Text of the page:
This article is part of Weed Week: an examination of marijuana's persistent status as an illegal drug in the lead up to 4/20.
It's 2017, and while lawmakers around the world are realising recreational pot will raise tax and reduce crime, Australia's politicians are not. We're making leaps and bounds on medicinal marijuana because, you know, medicine, but the idea of pot-for-pleasure is still coated in stigma. So how can we get past that? How can we solve every part of the problem, starting with legislation and ending with social acceptability?
To find out, we asked lawyers, academics, lobbyists, and a former political advisor. Then we took their advice and bundled it all together to establish both the problems and solutions. Here's what we came up with:
One: it's All About Numbers
The first thing a politician calculates, on any issue, is whether their decision will play well to their voters. To be convinced, they need the numbers to show a high level of public support. That means getting an organisation like Roy Morgan to organise public polling that shows the people of their electorate aren't going to crush them at the next election for taking a bold position.
Once politicians see there is public support for an idea, the next thing the idea needs is a dollar value. Dollars talk, and they speak loudest when backed up by economic modelling from a group with credibility, like global accounting firm PricewaterhouseCoopers. What they would need to produce is an inch-thick document with a short, 150 word executive summary and a table outlining how much money a government could make from taxing and regulating weed. To be safe, it would also be worth pointing out how retail sales of recreational marijuana in Colorado hit $1 billion in 2016 and the state is making a killing in tax revenue.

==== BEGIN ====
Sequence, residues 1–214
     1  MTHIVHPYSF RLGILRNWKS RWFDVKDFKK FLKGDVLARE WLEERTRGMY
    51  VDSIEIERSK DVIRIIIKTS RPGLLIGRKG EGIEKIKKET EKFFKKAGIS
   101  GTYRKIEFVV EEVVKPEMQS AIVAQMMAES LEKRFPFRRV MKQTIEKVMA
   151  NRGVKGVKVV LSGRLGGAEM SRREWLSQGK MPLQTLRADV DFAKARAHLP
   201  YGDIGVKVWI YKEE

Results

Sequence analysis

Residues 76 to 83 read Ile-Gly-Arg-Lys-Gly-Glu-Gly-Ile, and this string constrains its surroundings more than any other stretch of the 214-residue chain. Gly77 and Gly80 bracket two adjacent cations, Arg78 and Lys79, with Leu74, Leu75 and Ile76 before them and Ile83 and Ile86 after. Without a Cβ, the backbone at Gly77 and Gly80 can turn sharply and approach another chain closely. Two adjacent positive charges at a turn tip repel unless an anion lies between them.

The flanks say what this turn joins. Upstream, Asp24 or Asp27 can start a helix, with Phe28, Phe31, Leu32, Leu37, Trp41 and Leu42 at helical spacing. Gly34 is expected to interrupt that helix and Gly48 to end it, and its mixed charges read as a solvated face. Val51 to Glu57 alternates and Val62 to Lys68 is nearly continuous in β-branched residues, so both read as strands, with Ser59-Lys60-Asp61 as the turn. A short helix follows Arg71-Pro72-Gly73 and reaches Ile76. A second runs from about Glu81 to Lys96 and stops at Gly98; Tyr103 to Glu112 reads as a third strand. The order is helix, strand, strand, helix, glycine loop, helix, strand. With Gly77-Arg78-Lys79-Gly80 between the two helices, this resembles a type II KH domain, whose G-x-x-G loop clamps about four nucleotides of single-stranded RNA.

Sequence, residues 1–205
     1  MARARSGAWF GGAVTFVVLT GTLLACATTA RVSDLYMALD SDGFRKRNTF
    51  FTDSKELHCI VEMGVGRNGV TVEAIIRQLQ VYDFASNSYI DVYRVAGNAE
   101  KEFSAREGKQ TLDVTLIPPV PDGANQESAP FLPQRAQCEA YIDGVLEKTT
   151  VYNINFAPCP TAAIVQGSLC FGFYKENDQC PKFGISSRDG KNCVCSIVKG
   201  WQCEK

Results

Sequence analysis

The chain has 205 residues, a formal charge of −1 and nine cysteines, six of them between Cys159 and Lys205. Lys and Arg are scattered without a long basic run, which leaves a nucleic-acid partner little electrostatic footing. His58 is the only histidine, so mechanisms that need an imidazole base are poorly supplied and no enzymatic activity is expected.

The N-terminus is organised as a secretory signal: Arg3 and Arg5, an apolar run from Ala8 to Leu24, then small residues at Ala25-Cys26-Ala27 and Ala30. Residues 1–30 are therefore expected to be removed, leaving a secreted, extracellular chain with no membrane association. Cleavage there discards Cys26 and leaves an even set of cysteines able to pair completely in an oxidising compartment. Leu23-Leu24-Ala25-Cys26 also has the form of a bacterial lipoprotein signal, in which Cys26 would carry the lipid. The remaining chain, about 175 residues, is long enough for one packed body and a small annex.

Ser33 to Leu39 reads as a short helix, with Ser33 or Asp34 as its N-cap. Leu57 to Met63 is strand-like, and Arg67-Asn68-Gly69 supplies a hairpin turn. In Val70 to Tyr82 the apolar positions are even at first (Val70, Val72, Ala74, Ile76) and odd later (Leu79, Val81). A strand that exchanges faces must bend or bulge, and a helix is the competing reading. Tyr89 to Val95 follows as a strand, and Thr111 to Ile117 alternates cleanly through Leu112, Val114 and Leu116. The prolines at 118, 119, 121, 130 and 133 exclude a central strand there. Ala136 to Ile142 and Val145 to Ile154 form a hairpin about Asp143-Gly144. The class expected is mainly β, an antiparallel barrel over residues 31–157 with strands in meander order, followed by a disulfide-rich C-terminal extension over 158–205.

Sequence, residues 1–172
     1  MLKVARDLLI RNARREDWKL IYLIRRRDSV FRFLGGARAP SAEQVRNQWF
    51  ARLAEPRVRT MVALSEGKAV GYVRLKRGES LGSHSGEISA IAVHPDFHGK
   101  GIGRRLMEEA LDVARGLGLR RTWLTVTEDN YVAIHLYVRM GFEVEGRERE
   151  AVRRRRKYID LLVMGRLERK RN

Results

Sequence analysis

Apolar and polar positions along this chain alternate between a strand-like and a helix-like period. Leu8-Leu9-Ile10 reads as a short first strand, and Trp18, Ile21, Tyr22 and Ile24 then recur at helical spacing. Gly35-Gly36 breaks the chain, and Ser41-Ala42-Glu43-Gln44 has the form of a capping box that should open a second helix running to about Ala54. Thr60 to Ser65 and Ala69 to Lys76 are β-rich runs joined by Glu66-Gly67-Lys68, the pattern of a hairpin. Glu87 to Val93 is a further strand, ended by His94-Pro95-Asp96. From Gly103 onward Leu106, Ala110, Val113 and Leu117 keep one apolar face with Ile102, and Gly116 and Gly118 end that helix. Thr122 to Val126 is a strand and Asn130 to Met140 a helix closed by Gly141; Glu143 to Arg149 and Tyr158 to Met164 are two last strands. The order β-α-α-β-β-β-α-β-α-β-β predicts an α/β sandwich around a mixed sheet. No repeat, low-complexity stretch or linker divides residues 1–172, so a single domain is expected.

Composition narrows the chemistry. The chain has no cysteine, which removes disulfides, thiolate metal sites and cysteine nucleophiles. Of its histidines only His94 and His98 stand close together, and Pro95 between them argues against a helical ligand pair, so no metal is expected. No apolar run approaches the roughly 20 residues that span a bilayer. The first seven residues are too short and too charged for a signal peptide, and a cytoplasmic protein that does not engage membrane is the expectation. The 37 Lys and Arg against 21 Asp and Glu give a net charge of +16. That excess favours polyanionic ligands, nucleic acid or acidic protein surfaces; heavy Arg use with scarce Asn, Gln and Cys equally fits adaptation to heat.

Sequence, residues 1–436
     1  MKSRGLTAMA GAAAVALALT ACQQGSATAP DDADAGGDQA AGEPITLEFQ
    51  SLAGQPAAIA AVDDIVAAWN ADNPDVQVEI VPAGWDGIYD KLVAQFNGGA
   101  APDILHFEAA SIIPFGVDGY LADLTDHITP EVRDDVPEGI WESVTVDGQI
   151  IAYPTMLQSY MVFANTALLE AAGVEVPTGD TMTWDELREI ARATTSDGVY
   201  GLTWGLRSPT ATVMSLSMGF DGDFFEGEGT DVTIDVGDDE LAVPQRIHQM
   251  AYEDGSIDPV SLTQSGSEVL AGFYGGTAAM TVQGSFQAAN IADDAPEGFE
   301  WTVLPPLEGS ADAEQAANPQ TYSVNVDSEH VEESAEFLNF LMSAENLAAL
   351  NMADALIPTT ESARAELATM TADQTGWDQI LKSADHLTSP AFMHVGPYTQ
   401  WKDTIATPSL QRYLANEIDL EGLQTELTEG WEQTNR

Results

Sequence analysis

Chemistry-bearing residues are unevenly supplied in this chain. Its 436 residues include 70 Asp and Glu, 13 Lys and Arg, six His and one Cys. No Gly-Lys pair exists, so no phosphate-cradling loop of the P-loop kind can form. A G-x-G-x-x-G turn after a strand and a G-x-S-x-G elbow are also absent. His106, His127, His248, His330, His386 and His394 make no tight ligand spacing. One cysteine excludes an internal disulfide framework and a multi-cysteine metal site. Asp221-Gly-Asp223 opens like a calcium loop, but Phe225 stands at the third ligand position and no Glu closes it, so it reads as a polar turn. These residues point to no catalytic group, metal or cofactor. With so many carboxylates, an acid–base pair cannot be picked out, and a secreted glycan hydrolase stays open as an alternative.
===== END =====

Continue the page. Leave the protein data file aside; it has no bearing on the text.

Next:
Two: the Law Needs Changing
Each state has some version of a Controlled Substances Act, which basically lays out what happens if you're caught with different quantities of different drugs. The first step in making pot legal for fun and profit is to delete those sections that deal with cannabis. Then you'd need to pass that amended bill with a vote in both houses of parliament. That's the easy bit.
Three: the Hard Bit
It's easy to sit on a porch somewhere, or a beach, and talk about how great it would be if weed was legal and no one worried about getting busted by cops, who in turn caught more murderers or found more missing persons. But what no one talks about is the half-century of written law that would need an overhaul once the Controlled Substances Act was amended.
"It would take a total rethink of a lot of the criminal laws that exist," said Casey Isaacs, a criminal defence lawyer and partner at Caldicott Lawyers. "Once you make it legal, it affects drug driving laws, it will affect a lot of the provisions of the Sentencing Act."
This was also the first thing that Rachel Shaw, a criminal defence lawyer and a partner with Shaw and Henderson said.
"Transport, packaging, posting it in the mail—all of these things have to be considered," she said. "At the moment, the legislation is all about what you can't do, but my suggestion is that you create a law about what is permissible, what you can do."
Dealing with this is not impossible, but the nightmare scenario is just pushing delete without doing anything else. This would create a whole new Wild West of weed production and sale, almost overnight, with no one from judges down to the cops knowing what to do about all the boring, technical stuff.
Then there is the bigger picture stuff like health. Smoking weed also means inhaling burning plant matter, just like tobacco. Selling too many brownies to fresh 18-year-olds who don't know better is going to send them to the emergency room. Just like tobacco and alcohol, weed will need to be taxed, controlled, and made uncool.